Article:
2. fascinating. 🙂 really… I used to work with autistic children, so I find this condition an interesting one to read about. 🙂 Thanks for joining in on blogging through the alphabet.

  3. Best of luck moving forward. While it’s certainly not something I’m sure you wanted to hear, the good news is that you know and can now work with that knowledge in hand. Plus there are a lot of support systems available that you can work with to get help and help others.

  4. I cannot imagine the expense of such therapies. Praying that the Lord will continue to provide for you as you walk this road. I look forward to reading more here. Joining you for the AtoZ challenge.

  5. I’m sure that it was quite a shock to get this diagnosis at an older age for your child. I hope that you are able to get insurance to help cover some of the therapy.

  6. Thank you for sharing your journey. I look forward to working with you at the Review Crew this year. My son, now 15, was diagnosed with Aspergers at age 11. Homeschooling my son has been the best decision for him. It allows him one on one attention. He isn’t bullied. And, I’ve learned how to add therapies into our every day lessons. Story cubes are a great resource as our conversation card games. These help foster communication skills. Idioms are another area we have worked on to help him learn language skills. Games are also great because they foster turn taking. The other thing I like about homeschooling is that we can work on Life Skills that get passed over in schools: personal hygiene, finances (counting money, balancing a checkbook), telling time, time management, keeping appointments, etc. If I can be a source of help, please feel free to give me a shout. Praying for your year to be filled with peace and joy, dear one.

  7. Wonderful post. My daughter was diagnosed with Autism 2 years ago. It’s tough with all the weekly therapy appointments. I feels like they will never end! I have seen progress and that is what keeps me going.

  8. Our family has not had to walk this road, but it will be interesting to read about your journey, as so many families around us are dealing with similar issues and situations. Thank you for being willing to share with us so we can all learn.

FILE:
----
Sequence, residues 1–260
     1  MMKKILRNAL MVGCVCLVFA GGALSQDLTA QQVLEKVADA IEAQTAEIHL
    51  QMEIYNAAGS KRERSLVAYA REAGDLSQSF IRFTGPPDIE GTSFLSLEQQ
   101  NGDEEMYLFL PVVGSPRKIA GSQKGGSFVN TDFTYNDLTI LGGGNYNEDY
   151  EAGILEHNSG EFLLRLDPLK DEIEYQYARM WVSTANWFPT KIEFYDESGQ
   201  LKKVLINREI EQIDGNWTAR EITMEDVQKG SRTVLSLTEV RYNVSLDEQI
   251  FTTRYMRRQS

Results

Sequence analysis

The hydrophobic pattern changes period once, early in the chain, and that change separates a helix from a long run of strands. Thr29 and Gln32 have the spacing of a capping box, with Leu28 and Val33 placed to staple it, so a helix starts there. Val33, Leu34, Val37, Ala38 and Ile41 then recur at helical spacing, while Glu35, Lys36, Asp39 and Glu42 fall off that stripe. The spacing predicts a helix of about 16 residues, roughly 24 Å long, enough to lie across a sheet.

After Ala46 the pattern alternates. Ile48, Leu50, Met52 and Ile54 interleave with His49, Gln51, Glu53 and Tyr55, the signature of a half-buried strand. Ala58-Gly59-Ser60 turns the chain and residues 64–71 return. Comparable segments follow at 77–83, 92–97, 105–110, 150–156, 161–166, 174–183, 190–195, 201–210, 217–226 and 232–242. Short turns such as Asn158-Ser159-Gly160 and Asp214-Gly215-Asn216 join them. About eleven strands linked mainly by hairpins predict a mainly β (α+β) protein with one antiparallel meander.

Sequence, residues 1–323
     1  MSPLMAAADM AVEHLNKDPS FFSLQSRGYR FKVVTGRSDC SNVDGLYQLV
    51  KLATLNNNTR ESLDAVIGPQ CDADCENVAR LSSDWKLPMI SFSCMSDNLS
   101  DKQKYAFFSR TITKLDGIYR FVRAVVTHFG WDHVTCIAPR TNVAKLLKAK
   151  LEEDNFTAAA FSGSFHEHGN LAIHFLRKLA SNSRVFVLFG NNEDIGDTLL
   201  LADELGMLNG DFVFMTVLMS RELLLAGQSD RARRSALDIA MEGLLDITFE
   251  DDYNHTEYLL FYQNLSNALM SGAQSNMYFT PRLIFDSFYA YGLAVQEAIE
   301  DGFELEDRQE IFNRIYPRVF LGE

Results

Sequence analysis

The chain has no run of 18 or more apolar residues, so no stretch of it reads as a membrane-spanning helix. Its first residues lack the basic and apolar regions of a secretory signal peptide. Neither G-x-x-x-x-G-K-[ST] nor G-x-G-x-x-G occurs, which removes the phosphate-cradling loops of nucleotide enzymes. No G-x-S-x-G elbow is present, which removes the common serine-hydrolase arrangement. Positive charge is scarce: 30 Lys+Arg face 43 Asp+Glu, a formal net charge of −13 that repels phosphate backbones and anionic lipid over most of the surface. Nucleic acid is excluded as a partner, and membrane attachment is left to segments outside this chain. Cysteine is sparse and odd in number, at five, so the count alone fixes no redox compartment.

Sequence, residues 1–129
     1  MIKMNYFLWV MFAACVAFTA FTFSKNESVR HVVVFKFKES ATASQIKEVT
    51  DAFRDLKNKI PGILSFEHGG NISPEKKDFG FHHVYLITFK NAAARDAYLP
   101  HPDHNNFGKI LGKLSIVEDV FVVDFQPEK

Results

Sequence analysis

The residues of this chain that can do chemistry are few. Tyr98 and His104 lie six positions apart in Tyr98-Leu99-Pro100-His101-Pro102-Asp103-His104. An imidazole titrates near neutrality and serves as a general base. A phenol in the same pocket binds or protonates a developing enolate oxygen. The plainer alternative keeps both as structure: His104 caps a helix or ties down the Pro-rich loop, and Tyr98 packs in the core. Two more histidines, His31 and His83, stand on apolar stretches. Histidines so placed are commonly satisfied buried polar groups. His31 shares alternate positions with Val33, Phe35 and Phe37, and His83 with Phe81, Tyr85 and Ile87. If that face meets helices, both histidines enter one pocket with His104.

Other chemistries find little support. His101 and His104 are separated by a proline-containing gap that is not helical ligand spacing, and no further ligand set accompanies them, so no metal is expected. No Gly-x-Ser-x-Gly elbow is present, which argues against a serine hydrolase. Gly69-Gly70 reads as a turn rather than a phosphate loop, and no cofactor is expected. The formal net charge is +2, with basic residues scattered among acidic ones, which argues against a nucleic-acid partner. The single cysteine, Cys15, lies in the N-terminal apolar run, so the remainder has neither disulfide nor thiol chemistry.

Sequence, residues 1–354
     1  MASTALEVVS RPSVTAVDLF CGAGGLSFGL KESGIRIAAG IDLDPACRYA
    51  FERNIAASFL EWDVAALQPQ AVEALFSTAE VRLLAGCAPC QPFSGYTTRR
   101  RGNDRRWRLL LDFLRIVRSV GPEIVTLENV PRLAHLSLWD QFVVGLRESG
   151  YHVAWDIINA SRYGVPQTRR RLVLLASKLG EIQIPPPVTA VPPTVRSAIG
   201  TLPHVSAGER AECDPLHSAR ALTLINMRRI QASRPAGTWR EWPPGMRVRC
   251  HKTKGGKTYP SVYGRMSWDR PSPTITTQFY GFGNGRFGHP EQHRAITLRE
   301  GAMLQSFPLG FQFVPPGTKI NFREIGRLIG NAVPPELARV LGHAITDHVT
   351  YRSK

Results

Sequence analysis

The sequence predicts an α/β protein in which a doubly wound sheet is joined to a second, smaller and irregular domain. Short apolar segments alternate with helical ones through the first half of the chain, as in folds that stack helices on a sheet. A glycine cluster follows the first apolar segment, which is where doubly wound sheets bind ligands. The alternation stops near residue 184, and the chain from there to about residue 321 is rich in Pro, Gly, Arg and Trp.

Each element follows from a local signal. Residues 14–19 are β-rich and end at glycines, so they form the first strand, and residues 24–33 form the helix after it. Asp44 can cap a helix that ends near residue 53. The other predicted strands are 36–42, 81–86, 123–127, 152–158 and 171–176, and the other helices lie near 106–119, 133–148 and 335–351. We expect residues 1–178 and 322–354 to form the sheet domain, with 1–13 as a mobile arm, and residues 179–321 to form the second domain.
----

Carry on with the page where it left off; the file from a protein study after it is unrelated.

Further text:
9. Praying for you through this journey. We are actually trying to get my husband diagnosed with high functioning autism or Asperger’s. He had issues his entire life, and then once we started reading up on it, it started making sense to us. Thank you for sharing. 🙂

    • I hope your husband finds answers. Once we realized how many symptoms applied for our child, we knew we had to pursue this further.

  10. Melissa, thank you for sharing this. I am so glad for y’all that you are seeing some benefits. May God bless you and strengthen you as you go!


  11. First of all, good job mama! High functioning autism is “fun”. It takes a strong mom and family to help support such a strong child! I loved reading your post and nodding my head to a lot of it. I will be praying for you, for your family and all of your children. I am thankful that you spent time to join us for this series and I look forward to reading more!

  12. Good luck on this journey. – Lori

  13. A different spin on life…I really like how you worded that! I have a couple friends with HFA children, they each have their own spins on life – and a lot of joy!

  14. While we don’t deal with autism, we have been on a similar road with ADHD, giftedness, and learning disabilities in more than one child. Our average number of medical appointments in a month is 7-8. I am blessed to telecommute and have a float position so I can choose what days and hours I work, otherwise I would not be working at all. We use the Superflex social thinking curriculum at home. It’s a little expensive, but I found it cheaper on Ebay. Some of the books are in comic format, which our son likes.

    • You’re so right, juggling appointments can be difficult! I haven’t heard of Superflex. I’ll have to look into that one.